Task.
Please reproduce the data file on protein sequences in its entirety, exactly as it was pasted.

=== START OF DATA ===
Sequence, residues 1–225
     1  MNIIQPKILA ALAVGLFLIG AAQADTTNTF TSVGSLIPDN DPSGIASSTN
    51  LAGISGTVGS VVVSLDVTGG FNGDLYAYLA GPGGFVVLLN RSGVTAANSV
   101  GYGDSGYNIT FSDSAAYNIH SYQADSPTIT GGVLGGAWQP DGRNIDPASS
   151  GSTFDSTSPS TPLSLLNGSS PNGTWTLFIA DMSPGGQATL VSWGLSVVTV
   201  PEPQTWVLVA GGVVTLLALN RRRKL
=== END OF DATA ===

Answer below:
Sequence, residues 1–225
     1  MNIIQPKILA ALAVGLFLIG AAQADTTNTF TSVGSLIPDN DPSGIASSTN
    51  LAGISGTVGS VVVSLDVTGG FNGDLYAYLA GPGGFVVLLN RSGVTAANSV
   101  GYGDSGYNIT FSDSAAYNIH SYQADSPTIT GGVLGGAWQP DGRNIDPASS
   151  GSTFDSTSPS TPLSLLNGSS PNGTWTLFIA DMSPGGQATL VSWGLSVVTV
   201  PEPQTWVLVA GGVVTLLALN RRRKL